“We individually cannot reasonably hope to attain the ultimate philosophy which we pursue; we can only seek it, therefore, for the community of philosophers.”
The alphabetical list of nearly 260 names below is not exhaustive, being based on imperfect guestbook records. Some names are omitted: those that are not legible, and those of non-researchers. A large number of visitors have returned several times across the years, and/or within a same year, to avail themselves of our abundant resources. Professor Charles Seibert—may he be here saluted—has been our most frequent visitor by far. The lengths of visits range from one day to a few days, a week, several weeks, several months, a year, and even two years.
We are grateful to all scholars who have brought us the joy of their presence, shared with us the thrill of their own research, and made us the beneficiaries of their pertinent conclusions. It is a rewarding privilege for us to welcome all of you. We retain very fond memories of your stays, short or long, among us. Your visits confirm and validate the significance, usefulness, and richness of our resources. They also keep reenergizing us, for visitors are a permanent reminder of how much the work we are doing, the labor and daily grind, is worth all the effort we put into it. Many doctoral dissertations, and a few MA theses, were born or furthered in the Peirce Project. Quite a few books, whether of innovative scholarship or of translation, got decisively improved or received a definite impulse toward completion in our premisses.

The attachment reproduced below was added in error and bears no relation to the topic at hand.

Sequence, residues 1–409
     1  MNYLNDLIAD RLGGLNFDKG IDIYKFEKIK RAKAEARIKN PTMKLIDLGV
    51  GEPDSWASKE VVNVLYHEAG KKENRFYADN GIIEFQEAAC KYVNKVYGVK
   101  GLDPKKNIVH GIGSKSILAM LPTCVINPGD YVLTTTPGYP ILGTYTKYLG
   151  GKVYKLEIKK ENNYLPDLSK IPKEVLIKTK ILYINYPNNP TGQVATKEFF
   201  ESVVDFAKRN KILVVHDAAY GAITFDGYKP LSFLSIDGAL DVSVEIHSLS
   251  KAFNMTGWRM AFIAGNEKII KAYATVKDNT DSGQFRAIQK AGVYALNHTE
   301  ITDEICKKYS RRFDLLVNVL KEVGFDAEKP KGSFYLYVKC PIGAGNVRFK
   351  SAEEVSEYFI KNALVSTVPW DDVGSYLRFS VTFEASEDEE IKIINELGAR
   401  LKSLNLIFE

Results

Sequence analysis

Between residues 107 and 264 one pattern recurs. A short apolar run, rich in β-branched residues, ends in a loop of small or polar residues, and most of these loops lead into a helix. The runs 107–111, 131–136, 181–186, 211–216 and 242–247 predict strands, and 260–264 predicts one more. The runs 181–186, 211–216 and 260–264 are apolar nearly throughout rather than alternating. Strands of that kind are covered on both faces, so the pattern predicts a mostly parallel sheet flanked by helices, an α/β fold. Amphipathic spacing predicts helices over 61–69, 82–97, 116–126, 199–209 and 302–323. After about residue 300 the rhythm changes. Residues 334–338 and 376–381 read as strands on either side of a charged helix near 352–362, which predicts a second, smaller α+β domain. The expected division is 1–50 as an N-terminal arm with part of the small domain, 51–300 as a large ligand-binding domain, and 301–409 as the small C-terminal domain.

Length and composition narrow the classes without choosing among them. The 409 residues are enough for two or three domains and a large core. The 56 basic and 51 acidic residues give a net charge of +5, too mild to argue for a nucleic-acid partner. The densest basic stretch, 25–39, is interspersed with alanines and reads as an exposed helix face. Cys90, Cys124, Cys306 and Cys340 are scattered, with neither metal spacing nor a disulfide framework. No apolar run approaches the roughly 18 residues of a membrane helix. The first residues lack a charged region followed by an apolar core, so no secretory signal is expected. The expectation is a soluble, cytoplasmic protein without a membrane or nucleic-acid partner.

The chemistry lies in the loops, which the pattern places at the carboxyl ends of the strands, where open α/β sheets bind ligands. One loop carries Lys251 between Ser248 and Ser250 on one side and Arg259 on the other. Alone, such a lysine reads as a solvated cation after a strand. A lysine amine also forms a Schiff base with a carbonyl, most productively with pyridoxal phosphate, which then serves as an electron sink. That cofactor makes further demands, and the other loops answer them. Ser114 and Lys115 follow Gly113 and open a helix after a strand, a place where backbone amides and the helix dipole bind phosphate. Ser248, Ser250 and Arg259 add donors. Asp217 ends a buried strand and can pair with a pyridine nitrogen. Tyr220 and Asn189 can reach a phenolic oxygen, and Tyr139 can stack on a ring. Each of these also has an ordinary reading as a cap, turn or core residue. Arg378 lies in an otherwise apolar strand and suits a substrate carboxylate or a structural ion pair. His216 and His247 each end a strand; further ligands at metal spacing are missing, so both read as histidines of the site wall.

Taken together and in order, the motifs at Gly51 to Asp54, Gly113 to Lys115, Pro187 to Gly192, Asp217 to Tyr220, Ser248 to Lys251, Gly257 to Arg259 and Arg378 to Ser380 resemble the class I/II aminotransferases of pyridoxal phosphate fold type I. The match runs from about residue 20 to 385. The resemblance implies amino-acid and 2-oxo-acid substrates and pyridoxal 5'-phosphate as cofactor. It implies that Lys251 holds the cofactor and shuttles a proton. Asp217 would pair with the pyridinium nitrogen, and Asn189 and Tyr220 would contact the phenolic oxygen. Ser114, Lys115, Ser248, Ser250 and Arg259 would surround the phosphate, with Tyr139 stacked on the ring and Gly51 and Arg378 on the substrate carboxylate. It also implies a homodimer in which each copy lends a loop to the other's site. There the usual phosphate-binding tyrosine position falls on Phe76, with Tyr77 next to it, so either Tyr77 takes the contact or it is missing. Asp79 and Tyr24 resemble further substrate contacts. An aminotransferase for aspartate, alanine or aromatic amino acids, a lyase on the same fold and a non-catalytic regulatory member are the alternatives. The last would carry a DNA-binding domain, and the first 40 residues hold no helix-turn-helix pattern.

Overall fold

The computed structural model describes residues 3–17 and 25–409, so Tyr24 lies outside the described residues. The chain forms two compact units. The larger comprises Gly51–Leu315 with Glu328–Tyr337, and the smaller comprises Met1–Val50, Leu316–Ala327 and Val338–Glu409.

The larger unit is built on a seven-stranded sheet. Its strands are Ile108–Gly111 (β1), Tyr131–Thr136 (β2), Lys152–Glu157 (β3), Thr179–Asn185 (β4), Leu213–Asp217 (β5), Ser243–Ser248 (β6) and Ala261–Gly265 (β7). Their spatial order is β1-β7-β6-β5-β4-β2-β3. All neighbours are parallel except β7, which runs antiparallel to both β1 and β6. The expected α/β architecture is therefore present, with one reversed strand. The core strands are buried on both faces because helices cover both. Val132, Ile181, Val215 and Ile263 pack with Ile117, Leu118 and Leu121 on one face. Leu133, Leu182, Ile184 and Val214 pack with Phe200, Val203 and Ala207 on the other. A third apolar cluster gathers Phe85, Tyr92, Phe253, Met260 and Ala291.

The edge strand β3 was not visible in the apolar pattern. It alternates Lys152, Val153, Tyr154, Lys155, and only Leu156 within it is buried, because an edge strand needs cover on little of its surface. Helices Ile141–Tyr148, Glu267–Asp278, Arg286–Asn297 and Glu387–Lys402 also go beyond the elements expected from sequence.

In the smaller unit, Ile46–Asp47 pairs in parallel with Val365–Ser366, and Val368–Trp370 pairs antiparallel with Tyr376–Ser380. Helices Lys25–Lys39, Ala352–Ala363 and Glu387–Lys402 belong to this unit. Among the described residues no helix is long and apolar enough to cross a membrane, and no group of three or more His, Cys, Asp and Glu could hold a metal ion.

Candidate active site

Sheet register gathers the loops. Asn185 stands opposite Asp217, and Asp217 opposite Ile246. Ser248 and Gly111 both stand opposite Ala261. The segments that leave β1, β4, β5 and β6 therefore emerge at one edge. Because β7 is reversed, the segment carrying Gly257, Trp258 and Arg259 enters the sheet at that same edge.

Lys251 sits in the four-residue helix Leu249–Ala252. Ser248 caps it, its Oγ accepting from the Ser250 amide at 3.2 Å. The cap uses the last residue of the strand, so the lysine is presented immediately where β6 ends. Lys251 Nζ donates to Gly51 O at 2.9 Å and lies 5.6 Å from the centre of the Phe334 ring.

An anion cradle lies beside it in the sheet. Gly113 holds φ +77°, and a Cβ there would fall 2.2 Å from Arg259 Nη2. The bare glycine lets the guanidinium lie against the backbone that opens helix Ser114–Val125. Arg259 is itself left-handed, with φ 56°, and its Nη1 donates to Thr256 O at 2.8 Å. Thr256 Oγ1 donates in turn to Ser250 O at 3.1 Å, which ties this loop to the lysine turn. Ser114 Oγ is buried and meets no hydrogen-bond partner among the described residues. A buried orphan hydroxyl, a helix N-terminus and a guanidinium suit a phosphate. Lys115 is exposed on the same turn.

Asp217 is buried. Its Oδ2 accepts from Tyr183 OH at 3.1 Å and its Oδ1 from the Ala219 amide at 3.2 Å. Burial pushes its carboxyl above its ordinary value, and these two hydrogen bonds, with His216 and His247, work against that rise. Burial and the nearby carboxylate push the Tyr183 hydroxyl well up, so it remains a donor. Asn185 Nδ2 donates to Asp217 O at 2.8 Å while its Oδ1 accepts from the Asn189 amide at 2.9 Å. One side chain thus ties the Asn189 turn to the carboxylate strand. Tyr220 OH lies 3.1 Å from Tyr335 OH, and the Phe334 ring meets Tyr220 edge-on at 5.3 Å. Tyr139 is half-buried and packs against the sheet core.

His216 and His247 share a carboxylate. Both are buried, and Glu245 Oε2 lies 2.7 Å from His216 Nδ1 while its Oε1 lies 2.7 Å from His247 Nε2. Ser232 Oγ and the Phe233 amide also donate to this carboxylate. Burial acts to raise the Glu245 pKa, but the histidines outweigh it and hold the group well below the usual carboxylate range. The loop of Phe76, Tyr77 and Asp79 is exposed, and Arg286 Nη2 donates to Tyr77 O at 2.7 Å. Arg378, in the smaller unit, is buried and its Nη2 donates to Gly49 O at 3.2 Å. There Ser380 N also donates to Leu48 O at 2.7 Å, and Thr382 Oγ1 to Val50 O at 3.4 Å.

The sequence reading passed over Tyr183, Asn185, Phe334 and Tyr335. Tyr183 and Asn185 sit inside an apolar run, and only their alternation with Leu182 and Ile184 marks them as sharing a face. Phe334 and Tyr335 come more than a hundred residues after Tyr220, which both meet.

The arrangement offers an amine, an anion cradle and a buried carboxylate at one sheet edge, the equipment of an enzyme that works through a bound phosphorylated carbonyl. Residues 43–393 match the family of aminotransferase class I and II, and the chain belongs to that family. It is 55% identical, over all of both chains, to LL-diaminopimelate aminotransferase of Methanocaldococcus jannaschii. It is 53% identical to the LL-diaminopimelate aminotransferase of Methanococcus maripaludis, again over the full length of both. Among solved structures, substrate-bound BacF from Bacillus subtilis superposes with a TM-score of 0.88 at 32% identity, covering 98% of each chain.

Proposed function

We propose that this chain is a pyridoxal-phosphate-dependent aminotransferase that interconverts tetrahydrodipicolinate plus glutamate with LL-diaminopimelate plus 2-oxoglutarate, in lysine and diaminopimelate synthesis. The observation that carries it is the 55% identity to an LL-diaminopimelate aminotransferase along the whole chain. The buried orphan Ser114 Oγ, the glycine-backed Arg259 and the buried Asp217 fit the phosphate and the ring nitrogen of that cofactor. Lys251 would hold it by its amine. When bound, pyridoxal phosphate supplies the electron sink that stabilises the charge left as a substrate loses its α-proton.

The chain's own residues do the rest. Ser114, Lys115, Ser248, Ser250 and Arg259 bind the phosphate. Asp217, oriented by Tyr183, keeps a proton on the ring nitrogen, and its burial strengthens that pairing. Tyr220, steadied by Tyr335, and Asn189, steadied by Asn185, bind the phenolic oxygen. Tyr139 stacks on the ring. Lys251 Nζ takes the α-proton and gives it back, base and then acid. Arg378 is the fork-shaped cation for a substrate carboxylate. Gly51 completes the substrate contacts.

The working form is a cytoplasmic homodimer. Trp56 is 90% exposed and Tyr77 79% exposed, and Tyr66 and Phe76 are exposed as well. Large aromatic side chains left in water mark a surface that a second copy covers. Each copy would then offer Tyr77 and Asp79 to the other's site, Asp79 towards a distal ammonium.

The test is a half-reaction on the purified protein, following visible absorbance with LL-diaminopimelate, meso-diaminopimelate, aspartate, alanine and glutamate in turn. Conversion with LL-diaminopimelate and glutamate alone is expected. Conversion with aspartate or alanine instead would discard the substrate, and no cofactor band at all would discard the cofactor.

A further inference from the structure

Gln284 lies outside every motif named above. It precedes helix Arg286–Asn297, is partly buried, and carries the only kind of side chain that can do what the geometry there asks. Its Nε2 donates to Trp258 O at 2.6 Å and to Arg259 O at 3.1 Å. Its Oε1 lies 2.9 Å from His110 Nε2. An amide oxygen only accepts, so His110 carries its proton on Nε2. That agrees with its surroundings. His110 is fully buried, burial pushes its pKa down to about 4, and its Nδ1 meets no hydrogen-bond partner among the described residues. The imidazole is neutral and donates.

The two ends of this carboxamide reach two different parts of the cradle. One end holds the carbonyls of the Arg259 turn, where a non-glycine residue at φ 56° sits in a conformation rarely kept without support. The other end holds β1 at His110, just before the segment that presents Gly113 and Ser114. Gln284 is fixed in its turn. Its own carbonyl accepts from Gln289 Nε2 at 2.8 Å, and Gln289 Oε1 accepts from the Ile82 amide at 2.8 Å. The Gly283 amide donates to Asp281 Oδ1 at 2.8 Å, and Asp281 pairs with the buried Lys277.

Please keep in touch with us, let us know how you are doing, and do encourage others to follow the same path that took you to Indianapolis.
“Science does not advance by revolutions, warfare, and cataclysms, but by coöperation, by each researcher's taking advantage of his predecessors' achievements, and by his joining his own work in one continuous piece to that already done.”
The Indianapolis Peirce Seminar was created in the fall of 1999. Professor Helmut Pape gave the inaugural lecture on 14 October 1999, on “The Ontology of Emergent Time: Peirce in 1898”—a fitting celebration of the centennial of Peirce’s evolutionary cosmology, and of its ability to live up to the promise explicitly stated in Peirce’s pragmatism: “to clarify and explain the overall and pervasive features of reality in terms of the relational structures and concepts implicit in all experience” (as Pape put it at the end of that inaugural talk).
The purpose of the seminar is to enable visiting scholars, from budding to well established, to present their work to a specialized audience that has a strong interest in the work of Charles S. Peirce. It meets on an irregular basis (depending on visiting scholars’ readiness and availability) at the offices of the Peirce Edition Project: 902 West New York Street, ES 0010, Indianapolis, IUPUI campus.
To receive advance notice of talks by email please contact the organizer, Professor André De Tienne.
We list below, in reverse chronological order, the 62 presentations that have so far been made in this special venue. There was no presentation in 2014, the year of Peirce’s Centennial.